Friday, 22 Oct 1993 Washington, DC
1. SUPER COLLIDER DEFENDERS IN CONGRESS RUEFULLY LOWER THE FLAG.
Late yesterday, a reconvened conference on the FY 94 Energy and
Water Bill agreed to use the $640M allocated for the SSC to pay
for its "orderly termination." It probably won't be enough; the
DOE estimate for shut-down costs is $1.1B. As we reported last
(WN 10-15-93), House conferees
had agreed to full funding of
the SSC even though the House had voted 280-150 to kill it. But
on Tuesday, the House voted by an even greater margin (282-143)
to send the bill back to conference with instructions to insist
on termination of the SSC. SSC opponents made it clear they
would accept no compromise--and they had the votes to back it up.
2. WILL OTHER LARGE PROJECTS BE SUCKED UNDER WITH THE COLLIDER?
The conference agreement calls for the Secretary of Energy to
submit a report on "other large science projects" within DOE,
including "whether high-energy physics and other large research
projects should continue to be pursued by the United States." A
cantankerous Bennett Johnston (D-LA), the chief SSC champion in
the Senate, wanted the agreement to specify the "large" projects.
He also wanted language holding up construction of the Advanced
Neutron Source, the B-Factory and the Tokamak Physics Experiment
until 90 days after the report was received by Congress, but in
the final version, no other projects are mentioned by name.
3. WHAT WENT WRONG? AND WHAT SHOULD HIGH-ENERGY PHYSICS DO NOW?
Emphasizing that the important thing is the science, high-energy
physicists are calling for American participation in a genuinely
international collider effort. In an interview yesterday, George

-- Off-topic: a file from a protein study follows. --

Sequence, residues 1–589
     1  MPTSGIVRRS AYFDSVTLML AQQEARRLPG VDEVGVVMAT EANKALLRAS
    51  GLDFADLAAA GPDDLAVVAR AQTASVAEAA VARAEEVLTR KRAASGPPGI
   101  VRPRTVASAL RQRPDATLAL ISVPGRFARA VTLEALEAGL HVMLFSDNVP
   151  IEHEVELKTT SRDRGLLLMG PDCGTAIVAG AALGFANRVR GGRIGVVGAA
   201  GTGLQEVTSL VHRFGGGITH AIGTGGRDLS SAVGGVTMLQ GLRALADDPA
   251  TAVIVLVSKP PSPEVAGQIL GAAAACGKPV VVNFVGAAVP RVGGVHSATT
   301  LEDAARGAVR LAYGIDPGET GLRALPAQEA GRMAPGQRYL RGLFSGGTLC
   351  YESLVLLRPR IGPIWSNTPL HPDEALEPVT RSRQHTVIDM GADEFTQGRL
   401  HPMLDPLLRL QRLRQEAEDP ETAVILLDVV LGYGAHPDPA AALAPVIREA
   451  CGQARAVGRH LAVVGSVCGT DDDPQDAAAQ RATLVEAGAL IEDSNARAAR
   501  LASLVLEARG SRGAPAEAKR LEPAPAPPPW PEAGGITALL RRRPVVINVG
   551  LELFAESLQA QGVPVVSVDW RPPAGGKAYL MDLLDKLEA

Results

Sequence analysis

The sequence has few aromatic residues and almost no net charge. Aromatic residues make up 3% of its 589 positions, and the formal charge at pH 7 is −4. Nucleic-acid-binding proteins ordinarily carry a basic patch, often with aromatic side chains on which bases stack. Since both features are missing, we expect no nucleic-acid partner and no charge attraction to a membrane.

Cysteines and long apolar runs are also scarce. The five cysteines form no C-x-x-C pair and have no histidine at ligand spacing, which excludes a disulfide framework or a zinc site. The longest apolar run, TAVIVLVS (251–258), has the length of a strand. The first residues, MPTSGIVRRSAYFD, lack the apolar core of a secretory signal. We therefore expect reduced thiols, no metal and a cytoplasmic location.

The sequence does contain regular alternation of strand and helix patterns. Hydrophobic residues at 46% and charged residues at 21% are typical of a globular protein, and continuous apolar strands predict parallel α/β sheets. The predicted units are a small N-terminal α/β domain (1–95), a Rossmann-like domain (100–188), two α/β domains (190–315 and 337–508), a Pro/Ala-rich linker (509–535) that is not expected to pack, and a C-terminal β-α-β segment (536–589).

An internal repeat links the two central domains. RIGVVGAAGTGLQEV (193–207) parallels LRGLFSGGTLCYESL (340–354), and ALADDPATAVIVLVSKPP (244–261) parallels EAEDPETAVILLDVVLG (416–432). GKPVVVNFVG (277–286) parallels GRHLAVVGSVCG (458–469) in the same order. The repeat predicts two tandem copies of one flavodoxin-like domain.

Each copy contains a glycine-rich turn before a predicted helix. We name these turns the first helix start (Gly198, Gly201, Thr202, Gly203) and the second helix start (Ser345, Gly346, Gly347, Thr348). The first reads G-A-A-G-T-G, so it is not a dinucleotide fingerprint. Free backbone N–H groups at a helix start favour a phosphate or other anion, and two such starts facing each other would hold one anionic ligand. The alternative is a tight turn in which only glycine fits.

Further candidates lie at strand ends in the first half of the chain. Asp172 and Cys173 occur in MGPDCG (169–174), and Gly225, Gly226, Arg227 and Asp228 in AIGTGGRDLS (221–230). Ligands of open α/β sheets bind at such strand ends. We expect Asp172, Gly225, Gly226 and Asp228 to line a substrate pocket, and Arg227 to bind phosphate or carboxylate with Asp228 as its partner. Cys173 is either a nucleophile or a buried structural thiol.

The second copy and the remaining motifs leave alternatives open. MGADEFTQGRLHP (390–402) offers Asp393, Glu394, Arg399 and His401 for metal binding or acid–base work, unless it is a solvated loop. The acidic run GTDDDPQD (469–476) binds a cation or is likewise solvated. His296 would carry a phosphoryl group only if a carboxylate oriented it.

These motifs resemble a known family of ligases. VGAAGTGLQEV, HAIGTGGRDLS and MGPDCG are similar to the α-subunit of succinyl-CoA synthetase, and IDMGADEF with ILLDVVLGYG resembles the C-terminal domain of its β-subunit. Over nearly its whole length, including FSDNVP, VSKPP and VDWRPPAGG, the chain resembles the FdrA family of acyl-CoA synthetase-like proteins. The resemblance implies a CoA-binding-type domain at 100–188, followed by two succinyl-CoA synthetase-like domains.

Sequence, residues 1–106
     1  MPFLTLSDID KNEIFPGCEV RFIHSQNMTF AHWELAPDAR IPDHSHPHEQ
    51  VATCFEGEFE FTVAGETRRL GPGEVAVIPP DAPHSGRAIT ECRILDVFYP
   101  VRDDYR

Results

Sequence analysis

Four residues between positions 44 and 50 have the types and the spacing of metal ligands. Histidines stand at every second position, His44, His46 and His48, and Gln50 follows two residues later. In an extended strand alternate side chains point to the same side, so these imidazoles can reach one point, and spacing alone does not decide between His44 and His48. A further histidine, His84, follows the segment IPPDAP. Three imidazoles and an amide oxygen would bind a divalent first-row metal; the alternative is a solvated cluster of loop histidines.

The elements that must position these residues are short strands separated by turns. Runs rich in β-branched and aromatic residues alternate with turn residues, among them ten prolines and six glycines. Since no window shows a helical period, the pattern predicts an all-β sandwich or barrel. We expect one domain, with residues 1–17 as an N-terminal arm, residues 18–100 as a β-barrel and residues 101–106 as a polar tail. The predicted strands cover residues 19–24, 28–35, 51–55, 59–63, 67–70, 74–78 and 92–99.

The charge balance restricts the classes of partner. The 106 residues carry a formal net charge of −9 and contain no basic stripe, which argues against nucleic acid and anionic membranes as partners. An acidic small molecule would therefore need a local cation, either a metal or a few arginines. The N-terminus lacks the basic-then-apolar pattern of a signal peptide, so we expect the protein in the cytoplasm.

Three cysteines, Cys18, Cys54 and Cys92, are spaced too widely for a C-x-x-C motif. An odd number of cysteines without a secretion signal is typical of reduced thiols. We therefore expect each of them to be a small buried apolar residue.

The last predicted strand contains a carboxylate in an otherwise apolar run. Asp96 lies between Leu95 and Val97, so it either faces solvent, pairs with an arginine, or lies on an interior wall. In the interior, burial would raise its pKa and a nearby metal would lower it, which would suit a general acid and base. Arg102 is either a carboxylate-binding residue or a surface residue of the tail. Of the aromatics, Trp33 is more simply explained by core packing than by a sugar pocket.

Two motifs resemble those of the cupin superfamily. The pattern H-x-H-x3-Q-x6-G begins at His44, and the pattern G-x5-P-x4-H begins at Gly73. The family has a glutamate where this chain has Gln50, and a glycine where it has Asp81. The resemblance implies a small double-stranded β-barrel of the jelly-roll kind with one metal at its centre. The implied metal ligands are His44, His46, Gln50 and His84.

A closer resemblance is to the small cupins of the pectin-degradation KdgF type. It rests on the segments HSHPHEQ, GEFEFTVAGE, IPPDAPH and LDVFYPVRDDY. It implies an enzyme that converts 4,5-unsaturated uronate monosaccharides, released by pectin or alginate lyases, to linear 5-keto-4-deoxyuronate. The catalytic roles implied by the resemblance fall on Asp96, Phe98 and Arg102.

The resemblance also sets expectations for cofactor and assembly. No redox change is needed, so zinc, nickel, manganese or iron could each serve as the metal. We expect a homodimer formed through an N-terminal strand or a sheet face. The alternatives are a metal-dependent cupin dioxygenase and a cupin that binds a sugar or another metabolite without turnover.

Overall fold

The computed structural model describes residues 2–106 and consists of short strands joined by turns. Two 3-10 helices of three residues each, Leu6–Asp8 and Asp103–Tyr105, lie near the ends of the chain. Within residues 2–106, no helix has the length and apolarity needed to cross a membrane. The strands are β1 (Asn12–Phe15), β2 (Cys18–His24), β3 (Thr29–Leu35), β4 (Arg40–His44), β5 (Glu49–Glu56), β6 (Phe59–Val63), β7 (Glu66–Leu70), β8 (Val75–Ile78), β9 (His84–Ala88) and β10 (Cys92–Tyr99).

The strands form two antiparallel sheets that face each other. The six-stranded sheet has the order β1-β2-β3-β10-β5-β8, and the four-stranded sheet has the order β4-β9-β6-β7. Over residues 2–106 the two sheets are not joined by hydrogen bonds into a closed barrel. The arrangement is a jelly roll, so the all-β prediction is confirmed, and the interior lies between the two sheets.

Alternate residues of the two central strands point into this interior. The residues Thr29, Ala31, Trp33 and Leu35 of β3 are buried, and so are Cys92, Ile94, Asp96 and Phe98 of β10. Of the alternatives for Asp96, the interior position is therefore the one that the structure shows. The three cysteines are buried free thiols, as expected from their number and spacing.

Brown (D-CA), chair of the House Science Committee and a staunch
supporter of the SSC, spoke about the "globalization of science."
The SSC, he said, fell victim to a confluence of circumstances; a
highly visible project that was not understood by most voters, it
was a safe way for members of Congress to look tough on spending.
In this environment, according to Brown, no big science project
could survive the annual bashing. He pointed out that a majority
of today's House members were not yet in office when the SSC was
first debated and approved. Ironically, a factor in the demise of
the SSC was the growing resentment in the House to the tyranny of
appropriations committees--and George Brown has emerged as the
leader in efforts to curb appropriators
(WN 10-1-93; 10-8-93).
4. HOUSE ALSO REFUSES TO GO ALONG ON ADVANCED SOLID ROCKET MOTOR!
When the House finished with the SSC, it took up the HUD/VA/IA
Appropriations--and did the same thing to ASRM. The Senate sought
to restore funding to ASRM after the House voted to kill it
9-24-93). The conference agreed to $157M, but by an awesome 401-
30, the House allowed $100M for termination of ASRM only; of the
remaining $57M, the National Aerospace Plane gets $20M, NSF $22M,
and EPA $15M. It was, in fact, Louis Stokes (D-OH) himself, chair
of the Appropriations Subcommittee, who introduced the amendment.